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Lithosphere depletion from gravity and T
THE CONTINENTAL LITHOSPHERE
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|Artemieva I.M., 2011.
Cambridge University Press,
794 pp., ISBN 9780521843966.
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Density of continental roots based on gravity data:
separating compositional and thermal effects
Artemieva I.M., and
Earth Planet. Sci. Lett.,
v. 209, 53-69, 2003.
The origin and evolution of cratonic roots has been debated for many years. Precambrian cratons are underlain
by cold lithospheric roots that are chemically depleted. Thermal and petrologic data indicate that Archean roots
are colder and more chemically depleted than Proterozoic roots. This observation Here we test this hypothesis
using gravity, thermal, petrologic, and seismic data to quantify differences in the density of cratonic roots globally.
In the first step in our analysis we use a global crustal model to remove the crustal contribution to the observed
gravity. The result is the mantle gravity anomaly field, which varies over cratonic areas from 3100 to +100 mGal.
Positive mantle gravity anomalies are observed for cratons in the northern hemisphere: the Baltic shield, East
European Platform, and the Siberian Platform. Negative anomalies are observed over cratons in the southern
hemisphere: Western Australia, South America, the Indian shield, and Southern Africa. This indicates that there
are significant differences in the density of cratonic roots, even for those of similar age.
Root density depends on temperature and chemical depletion. In order to separate these effects we apply a
lithospheric temperature correction using thermal estimates from a combination of geothermal modeling and
global seismic tomography models. Gravity anomalies induced by temperature variations in the uppermost mantle
range from 3200 to +300 mGal, with the strongest negative anomalies associated with mid-ocean ridges and the
strongest positive anomalies associated with cratons.
After correcting for thermal effects, we obtain a map of density variations due to lithospheric compositional
variations. These maps indicate that the average density decrease due to the chemical depletion within cratonic
roots varies from 1.1% to 1.5%, assuming the chemical boundary layer has the same thickness as the thermal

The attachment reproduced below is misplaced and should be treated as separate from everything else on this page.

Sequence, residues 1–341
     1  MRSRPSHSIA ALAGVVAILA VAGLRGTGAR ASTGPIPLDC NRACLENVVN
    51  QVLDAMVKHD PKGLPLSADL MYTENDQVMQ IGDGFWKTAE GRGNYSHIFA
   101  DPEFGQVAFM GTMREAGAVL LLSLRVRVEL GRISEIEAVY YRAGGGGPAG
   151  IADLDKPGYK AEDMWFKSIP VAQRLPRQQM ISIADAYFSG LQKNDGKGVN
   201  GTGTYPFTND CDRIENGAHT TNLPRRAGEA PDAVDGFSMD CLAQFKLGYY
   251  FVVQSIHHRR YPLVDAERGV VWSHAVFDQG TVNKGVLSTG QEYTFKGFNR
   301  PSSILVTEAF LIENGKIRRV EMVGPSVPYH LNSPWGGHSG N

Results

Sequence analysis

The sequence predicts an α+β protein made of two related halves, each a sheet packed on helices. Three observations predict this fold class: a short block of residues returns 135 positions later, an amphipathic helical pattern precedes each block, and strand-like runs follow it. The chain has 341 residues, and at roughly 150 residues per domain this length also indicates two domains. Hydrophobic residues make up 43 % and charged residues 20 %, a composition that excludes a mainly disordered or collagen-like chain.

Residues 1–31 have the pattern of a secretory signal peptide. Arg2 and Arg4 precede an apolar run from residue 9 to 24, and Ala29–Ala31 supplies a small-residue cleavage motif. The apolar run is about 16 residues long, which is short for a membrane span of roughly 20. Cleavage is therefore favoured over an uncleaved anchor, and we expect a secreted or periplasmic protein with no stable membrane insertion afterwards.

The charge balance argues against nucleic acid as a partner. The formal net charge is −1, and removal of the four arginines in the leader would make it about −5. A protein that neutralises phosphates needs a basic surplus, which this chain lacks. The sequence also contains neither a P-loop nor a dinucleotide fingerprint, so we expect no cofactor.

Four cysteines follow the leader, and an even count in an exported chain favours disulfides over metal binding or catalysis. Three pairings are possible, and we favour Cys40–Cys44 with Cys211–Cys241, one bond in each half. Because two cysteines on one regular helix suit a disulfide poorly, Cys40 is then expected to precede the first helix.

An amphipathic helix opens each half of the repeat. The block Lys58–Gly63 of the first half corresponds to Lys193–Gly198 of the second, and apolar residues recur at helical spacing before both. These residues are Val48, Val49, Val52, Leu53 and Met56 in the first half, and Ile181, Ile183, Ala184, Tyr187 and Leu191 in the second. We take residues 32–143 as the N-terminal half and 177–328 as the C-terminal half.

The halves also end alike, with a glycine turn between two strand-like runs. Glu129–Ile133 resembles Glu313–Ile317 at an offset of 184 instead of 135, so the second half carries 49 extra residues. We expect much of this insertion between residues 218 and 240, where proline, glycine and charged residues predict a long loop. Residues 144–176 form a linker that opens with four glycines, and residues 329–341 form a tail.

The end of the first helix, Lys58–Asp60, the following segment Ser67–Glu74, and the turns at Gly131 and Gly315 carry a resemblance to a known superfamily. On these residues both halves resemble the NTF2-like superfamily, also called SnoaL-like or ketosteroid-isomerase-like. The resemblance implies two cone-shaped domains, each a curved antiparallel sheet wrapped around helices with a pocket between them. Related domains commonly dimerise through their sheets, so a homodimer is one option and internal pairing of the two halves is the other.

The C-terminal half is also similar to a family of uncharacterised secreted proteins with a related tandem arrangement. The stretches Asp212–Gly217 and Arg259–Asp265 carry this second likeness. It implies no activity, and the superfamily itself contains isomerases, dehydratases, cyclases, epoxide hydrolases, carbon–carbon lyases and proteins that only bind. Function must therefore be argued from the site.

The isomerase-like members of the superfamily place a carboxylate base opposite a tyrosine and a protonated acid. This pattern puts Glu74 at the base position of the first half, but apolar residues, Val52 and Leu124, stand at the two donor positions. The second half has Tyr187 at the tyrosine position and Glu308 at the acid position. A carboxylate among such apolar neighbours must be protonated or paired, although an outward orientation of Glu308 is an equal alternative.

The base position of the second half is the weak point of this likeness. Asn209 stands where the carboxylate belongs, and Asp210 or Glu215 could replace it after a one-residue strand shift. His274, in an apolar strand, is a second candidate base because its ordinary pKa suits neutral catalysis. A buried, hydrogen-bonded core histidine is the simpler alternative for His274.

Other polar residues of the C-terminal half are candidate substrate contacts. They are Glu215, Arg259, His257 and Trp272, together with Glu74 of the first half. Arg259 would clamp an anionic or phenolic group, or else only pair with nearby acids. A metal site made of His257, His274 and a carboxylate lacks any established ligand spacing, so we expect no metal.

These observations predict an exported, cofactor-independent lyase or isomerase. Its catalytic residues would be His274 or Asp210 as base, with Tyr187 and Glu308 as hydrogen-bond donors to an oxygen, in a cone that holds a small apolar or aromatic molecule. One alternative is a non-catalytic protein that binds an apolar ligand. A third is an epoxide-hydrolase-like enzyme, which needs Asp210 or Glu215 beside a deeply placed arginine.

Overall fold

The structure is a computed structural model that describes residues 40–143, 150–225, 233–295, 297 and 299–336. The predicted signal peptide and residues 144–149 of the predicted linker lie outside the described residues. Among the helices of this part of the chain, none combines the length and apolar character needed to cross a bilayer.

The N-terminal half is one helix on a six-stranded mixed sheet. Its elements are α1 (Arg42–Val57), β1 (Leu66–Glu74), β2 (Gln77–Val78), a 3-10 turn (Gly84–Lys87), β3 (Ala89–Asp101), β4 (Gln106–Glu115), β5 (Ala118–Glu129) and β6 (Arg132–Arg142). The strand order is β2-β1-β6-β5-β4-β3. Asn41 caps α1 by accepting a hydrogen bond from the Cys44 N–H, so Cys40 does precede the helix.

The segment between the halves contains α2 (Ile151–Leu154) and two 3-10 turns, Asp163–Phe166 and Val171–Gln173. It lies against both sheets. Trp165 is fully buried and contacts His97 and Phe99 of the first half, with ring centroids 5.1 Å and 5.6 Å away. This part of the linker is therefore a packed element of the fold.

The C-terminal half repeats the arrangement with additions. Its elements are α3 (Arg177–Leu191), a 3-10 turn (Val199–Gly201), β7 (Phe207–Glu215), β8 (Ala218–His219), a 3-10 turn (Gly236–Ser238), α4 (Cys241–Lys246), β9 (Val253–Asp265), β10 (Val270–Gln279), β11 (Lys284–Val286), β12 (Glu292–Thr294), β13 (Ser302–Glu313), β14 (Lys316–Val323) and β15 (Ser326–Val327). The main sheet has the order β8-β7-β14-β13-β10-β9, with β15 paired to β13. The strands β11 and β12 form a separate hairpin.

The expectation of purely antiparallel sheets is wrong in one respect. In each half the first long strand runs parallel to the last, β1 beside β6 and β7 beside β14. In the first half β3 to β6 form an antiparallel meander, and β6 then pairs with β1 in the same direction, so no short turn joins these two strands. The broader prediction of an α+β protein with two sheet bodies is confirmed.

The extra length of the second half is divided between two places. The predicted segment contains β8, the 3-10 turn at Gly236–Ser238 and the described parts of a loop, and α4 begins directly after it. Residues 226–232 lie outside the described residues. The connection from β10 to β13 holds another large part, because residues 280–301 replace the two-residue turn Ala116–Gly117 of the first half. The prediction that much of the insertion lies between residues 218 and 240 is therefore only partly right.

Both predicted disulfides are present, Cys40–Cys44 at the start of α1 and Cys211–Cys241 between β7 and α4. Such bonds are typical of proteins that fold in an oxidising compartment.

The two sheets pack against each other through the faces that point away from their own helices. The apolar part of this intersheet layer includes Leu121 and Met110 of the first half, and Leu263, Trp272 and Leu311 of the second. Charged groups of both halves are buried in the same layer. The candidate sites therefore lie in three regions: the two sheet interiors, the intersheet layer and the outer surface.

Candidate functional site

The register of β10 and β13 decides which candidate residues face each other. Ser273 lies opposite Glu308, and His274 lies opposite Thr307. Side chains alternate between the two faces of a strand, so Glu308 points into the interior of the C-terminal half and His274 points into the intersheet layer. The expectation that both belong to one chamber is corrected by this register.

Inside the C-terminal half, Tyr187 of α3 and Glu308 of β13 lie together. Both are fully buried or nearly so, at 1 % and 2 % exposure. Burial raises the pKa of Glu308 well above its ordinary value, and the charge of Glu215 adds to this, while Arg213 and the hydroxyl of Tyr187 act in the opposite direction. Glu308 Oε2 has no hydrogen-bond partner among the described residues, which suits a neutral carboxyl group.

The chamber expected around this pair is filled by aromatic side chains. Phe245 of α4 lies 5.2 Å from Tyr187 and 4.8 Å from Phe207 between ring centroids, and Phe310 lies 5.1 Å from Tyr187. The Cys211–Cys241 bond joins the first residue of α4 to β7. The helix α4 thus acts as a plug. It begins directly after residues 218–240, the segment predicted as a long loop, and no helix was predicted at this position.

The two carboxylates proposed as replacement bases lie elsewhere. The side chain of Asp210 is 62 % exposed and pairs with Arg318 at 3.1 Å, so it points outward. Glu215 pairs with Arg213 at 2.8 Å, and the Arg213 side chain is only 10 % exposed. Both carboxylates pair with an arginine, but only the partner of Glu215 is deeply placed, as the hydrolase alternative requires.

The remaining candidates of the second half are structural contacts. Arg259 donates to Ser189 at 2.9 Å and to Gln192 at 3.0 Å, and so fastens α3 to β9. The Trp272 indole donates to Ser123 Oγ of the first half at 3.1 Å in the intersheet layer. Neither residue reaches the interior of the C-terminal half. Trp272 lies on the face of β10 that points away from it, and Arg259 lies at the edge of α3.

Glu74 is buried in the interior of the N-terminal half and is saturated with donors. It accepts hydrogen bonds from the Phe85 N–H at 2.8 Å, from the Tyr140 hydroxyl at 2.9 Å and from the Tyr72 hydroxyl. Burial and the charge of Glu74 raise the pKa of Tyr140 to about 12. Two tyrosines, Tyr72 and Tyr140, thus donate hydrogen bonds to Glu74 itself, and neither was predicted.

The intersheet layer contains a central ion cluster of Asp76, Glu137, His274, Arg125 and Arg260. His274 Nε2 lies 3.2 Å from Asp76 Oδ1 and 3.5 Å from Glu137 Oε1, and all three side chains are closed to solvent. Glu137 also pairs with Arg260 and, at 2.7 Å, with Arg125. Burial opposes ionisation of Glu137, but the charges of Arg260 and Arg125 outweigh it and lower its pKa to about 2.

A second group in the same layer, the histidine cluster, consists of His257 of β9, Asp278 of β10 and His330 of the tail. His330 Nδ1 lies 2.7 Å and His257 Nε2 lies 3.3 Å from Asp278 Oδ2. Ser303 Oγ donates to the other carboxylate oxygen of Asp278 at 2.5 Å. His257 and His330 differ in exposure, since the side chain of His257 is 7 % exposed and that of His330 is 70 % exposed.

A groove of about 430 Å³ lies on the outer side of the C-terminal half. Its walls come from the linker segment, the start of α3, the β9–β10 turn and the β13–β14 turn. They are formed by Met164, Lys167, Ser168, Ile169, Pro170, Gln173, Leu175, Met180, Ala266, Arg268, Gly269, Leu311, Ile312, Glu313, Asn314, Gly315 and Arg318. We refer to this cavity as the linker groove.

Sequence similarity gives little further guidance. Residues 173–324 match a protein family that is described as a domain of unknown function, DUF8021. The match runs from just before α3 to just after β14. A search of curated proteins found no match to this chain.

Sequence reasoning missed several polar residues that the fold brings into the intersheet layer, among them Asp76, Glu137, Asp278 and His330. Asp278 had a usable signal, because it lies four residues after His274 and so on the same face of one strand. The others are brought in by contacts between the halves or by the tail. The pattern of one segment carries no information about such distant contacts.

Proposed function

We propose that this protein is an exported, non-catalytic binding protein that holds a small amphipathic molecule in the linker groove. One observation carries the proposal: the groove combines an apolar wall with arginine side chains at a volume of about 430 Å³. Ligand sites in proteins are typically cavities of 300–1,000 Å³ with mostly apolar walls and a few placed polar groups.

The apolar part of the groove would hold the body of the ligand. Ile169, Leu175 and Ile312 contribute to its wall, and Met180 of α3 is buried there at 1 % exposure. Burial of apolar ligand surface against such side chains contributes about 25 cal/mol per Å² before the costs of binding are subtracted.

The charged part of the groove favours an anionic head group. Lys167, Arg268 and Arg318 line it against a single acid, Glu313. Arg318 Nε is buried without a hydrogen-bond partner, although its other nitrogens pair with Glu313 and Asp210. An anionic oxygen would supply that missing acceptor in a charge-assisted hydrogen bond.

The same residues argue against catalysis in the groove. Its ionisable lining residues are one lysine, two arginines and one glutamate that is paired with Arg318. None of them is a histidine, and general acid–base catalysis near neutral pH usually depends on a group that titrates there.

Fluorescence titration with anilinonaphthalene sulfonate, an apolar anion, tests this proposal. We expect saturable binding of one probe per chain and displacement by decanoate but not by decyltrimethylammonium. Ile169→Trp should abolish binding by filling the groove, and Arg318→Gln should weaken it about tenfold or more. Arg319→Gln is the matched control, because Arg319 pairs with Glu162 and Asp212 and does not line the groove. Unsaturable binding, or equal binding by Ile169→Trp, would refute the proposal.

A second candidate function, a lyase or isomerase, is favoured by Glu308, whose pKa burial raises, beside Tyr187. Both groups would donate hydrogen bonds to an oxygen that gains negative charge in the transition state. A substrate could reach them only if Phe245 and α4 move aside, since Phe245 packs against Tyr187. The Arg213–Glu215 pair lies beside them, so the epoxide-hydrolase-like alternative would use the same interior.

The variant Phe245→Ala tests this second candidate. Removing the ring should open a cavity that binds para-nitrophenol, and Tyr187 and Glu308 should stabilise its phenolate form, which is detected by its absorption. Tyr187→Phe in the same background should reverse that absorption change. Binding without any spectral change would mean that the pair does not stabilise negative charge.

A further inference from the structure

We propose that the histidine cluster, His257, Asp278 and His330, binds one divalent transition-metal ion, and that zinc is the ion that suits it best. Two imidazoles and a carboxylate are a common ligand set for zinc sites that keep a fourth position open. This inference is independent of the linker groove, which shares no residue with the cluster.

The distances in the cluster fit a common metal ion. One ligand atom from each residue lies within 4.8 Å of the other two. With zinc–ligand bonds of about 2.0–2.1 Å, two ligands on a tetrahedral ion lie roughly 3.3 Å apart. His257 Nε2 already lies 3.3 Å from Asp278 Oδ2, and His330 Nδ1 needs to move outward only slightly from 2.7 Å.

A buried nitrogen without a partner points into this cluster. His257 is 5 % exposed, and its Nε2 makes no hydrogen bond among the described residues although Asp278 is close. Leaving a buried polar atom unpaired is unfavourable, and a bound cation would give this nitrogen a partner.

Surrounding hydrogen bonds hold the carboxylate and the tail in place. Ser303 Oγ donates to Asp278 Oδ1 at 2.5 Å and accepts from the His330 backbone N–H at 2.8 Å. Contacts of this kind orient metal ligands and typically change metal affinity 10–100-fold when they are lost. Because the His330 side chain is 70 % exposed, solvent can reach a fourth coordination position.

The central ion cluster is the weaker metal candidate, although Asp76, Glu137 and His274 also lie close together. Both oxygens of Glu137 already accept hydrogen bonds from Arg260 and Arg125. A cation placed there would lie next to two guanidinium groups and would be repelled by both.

boundary layer. The maximal values of the density drop are in the range 1.7^2.5%, and correspond to the
Archean portion of each craton. Temperatures within cratonic roots vary strongly, and our analysis indicates that
density variations in the roots due to temperature are larger than the variations due to chemical differences.
|Fig. 11. Gravity anomalies (in mGal) due to the
compositional variations in the mantle obtained by
subtracting from mantle gravity anomalies:
(a) gravity effects of temperature-induced density
variations in the lithosphere (Fig. 9) and
(b) sublithospheric gravity signals. Here we do not use
the cooling lithosphere model, but the entire effect of
the oceanic mantle is based on a conversion of the S20
The field is truncated after degree/order 20.
The white isolines mark anomalies exceeding 100
mGal, assumed to be the maximum error in the crustal
and temperature reductions of the gravity field.
|Fig. 12. Compositional density anomalies (in kg/m3) in the subcrustal layer of the cratons as estimated from an inversion
of the compositional gravity anomalies (Fig. 11).
For inversion, the thickness of CBL is assumed to be:
- (left): equal to the lithosphere thermal thickness [Artemieva & Mooney, 2001]
- (right): constant with its base 200 km below Moho.
We calculate the gravity effect of compositional variations in the
lithosphere by subtracting temperature-induced gravity anomalies from the
mantle gravity anomalies (Figs. 12-13). These compositional gravity anomalies
vary from –300 mGal to +220 mGal. The cratonic areas are characterised by
pronounced gravity lows, typically within the range –150 to –250 mGal, implying
corresponding compositional changes. Large positive compositional gravity
anomalies are found in two distinct regions: (1) near ocean-continent and
continent-continent subduction zones, and (2) within some continental interiors,
e.g. in the southern part of North America. The origin of the latter positive
anomalies is uncertain.
We produce a map of compositional density anomalies in the cratonic
lithosphere and compare the degree of depletion between different continental
roots (Fig. 14). The average depletion for the individual cratons varies only
slightly, between 1.1% to 1.5%, assuming that the thickness of the chemical
boundary layer is proportional to the thermal boundary layer thickness. These
values depend to some extent on the ratio between Archean and Proterozoic
lithosphere within each of the cratons. The maximal values of depletion are
within the interval 1.7-2.5 %, and should characterize the Archean portion of
each area. This result is in excellent agreement with petrological studies.
If we assume that the thickness of the CBL is constant for all the cratons (Fig.
13), the obtained composition density anomalies vary much more between the
individual roots. For a 200 km thick CBL, the values of depletion averaged over
each craton are in between 0.6-1.5 %, with peaks from 1.2% to 2.4 %.